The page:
The mindset revolution

Higher Up: The mindset revolution

Why it’s essential to adopt a growth culture in our daily life and how sports clubs can help with this.

We live in a world where 24 hours is not enough time to do all of what we wish to. At the same time, one of the biggest priorities in a modern world society is convenience.

We seek convenience in all aspects of life. This applies to parenting as well. 

One of the consequences in parenting is that we tend to save time by unconsciously doing things for our kids, or make decisions for them. Sometimes without them needing our assistance.

We don’t realize that, by doing this, we are pushing them away from their "learning zone" right back into safety and comfort.

Stepping out of the comfort zone aids our youth to learn how to handle difficulties and challenges. It also helps them to deal with emotions and helps to avoid developing a fear of failure/mistakes. 

The school system seems to have a tendency to protect students from stress and challenges as well. The school system tries to work with the youth's mindset and confidence, in reality, it’s not happening. It’s hard to tell students that it is good to make mistakes as a tool to learn, and at the same time, evaluate them. 

As coaches, we can see that those consequences are even more noticeable in sports where parents behave the same way. The critical ability of successful people is to push through challenges and welcome mistakes as learning opportunities.

When young athletes make mistakes, emotions are overpowering their mind and body. They step into a fear and discomfort zone, which can be unpleasant for them and parents seeing this. However, the growth in this situation is exponential. And, in the long term, the confidence acquired in solving these difficult moments makes the athlete understand where their full potential can take them.

With all this, the best and perhaps the only way to teach children why mistakes are good is through sports. However, sports clubs, in our convenience minded world, are mainly becoming babysitting facilitators. The clubs are organised to accommodate this need and the facilities, coaches and staff are not optimally prepared to help develop athletes in all aspects, especially mindset. Youth sports organisations, being mainly volunteer-based, have hard times helping with this, and they can’t find the energy to change it.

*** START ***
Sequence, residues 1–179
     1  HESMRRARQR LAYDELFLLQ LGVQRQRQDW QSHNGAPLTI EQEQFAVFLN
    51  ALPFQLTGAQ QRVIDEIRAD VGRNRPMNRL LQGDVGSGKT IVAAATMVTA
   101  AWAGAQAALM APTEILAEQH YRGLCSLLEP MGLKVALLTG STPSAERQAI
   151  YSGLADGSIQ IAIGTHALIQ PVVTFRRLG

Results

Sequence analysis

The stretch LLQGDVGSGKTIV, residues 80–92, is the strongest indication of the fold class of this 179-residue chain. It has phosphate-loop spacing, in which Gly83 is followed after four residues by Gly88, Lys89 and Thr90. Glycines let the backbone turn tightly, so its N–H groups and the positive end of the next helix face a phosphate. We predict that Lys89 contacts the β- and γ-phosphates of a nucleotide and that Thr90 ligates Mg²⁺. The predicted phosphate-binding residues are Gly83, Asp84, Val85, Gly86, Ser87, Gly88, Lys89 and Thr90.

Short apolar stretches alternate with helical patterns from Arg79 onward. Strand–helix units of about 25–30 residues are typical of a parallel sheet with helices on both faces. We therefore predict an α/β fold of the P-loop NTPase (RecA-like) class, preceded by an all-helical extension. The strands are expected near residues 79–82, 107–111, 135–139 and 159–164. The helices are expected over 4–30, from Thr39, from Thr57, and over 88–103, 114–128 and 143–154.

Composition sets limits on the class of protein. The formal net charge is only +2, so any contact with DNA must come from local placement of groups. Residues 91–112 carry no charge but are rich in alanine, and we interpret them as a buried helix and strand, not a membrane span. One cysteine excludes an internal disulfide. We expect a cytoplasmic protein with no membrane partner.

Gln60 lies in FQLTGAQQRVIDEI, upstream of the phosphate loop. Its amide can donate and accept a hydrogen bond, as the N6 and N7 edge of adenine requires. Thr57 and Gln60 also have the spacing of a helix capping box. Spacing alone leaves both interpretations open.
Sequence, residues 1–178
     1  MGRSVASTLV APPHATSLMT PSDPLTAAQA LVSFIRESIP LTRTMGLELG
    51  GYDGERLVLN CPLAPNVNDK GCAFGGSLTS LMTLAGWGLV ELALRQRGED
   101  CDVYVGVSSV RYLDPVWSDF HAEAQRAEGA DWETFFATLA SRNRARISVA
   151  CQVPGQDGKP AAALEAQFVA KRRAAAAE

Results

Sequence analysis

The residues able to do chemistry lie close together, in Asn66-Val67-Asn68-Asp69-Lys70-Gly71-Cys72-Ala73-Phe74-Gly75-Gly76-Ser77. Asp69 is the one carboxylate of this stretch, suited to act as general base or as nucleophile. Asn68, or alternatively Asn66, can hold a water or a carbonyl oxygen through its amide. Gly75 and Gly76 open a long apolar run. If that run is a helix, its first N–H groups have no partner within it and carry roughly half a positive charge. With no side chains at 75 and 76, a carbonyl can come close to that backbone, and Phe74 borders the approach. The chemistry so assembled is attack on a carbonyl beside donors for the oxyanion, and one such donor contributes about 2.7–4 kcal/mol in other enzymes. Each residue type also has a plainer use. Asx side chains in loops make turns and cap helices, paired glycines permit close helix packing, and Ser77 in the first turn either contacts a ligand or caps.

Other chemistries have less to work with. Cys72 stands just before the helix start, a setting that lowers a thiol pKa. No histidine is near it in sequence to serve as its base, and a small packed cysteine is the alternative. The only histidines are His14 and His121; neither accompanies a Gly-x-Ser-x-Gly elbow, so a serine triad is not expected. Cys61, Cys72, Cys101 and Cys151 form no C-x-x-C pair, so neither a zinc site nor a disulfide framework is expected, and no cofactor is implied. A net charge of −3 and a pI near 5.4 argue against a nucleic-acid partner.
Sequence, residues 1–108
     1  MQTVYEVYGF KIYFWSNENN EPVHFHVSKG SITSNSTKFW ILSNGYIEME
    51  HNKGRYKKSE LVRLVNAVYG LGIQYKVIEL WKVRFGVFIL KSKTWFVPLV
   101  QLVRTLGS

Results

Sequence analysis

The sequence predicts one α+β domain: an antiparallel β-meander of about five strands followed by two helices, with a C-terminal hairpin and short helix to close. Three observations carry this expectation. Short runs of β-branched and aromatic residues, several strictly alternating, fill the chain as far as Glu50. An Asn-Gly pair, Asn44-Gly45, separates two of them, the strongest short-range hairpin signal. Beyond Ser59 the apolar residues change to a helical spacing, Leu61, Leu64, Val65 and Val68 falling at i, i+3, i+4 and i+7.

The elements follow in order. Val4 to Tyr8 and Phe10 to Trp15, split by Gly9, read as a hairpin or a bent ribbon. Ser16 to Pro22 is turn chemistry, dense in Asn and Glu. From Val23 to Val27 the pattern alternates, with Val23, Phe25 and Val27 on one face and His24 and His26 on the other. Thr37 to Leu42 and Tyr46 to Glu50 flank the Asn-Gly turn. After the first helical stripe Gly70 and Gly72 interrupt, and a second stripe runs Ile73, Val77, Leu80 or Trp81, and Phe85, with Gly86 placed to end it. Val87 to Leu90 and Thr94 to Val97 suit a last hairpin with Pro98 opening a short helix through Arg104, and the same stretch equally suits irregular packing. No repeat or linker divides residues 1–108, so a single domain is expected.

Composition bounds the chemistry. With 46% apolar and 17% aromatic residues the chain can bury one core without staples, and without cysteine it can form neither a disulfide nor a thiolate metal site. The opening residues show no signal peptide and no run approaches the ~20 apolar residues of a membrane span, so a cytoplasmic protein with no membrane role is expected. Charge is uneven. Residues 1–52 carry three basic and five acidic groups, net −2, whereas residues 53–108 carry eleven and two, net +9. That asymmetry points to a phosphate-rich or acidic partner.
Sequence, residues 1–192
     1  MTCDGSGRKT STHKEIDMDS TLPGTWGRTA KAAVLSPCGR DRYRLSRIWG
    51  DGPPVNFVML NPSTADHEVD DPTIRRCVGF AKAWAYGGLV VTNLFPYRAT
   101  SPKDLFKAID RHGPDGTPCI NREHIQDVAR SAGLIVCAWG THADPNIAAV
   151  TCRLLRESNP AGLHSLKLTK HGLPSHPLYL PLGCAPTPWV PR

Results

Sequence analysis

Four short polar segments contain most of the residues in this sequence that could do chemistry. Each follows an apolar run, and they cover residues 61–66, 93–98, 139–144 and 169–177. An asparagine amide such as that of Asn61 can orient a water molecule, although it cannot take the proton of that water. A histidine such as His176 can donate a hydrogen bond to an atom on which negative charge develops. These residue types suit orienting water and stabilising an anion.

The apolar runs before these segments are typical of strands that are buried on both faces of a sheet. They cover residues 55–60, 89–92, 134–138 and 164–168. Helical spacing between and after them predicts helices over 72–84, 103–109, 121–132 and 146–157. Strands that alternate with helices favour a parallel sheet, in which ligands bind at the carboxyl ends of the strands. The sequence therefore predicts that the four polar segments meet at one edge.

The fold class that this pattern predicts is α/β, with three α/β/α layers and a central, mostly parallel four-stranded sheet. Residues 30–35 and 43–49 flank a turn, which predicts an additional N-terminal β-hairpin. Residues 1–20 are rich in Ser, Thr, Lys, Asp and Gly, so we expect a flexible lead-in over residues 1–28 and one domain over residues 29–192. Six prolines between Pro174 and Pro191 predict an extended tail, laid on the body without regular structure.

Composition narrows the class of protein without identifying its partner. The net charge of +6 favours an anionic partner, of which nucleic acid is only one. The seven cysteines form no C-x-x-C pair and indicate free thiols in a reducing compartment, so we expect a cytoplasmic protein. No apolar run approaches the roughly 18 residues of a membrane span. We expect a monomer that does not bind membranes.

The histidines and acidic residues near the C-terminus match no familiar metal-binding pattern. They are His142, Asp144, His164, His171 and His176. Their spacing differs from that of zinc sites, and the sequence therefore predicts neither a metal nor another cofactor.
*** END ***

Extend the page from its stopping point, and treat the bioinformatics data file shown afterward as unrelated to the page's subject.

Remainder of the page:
The other wrong culture we can find in sports organisations is the one focusing only on winning, not as a result of development. This becomes a handicap for those athletes who will not necessarily become professional. Only 1% of young athletes will achieve it, so how do we make sure that the other 99% can apply the sports culture in their daily life

These are the challenges we are facing and the one we propose to solve.

The sports culture we are referring to is what we call “growth culture” where:

The main priority is development

Youngsters learn never to give up

The fastest way to learn is stepping out of the comfort zone

You can be your true self

Feedback is a common practice welcome by everyone

Promoting mistakes as a way of learning is a common practice

An important point to understand in a growth culture is to differentiate between ‘good mistakes’ (a.k.a learning opportunities) and ‘bad mistakes’. ‘Good mistakes’ (any mistakes that are the outcome of effort) is the first step towards new learnings. We need to acknowledge emotions and use them as an energy source for performance. At that moment, a better link between emotions and rational thinking develops, and we learn how to handle similar situations in the future. On the other hand, the outcome of a ‘bad mistake’ (coming out of lack of effort or bad attitude), is frustration, regrets and the need to find excuses. 

Athletes growing up in sports organisations following the growth culture will become confident individuals. They will push their limits, so they become the best in whatever they choose to do in life. 

To consolidate this culture in the whole organisation, it’s crucial that everyone is fully aligned and that they all start living according to it. The entire concept works by creating habits, so when young athletes develop a “growth culture” they acquire these habits and apply them to all aspects of life.

Higher Up helps sports organisations to define and deploy their “growth culture” based on their organisational vision. We help design the right structure and communication plan to support this culture. The result of it is more robust member engagement, sense of belonging and loyalty to the club. Coaches’ development makes them realise how the result of their work has a deeper impact, so their motivation and commitment also grows.

But the ones who become the strongest promoters of these initiatives are the parents as they see the maturity level that the young athletes achieve and their ability to solve problems by themselves.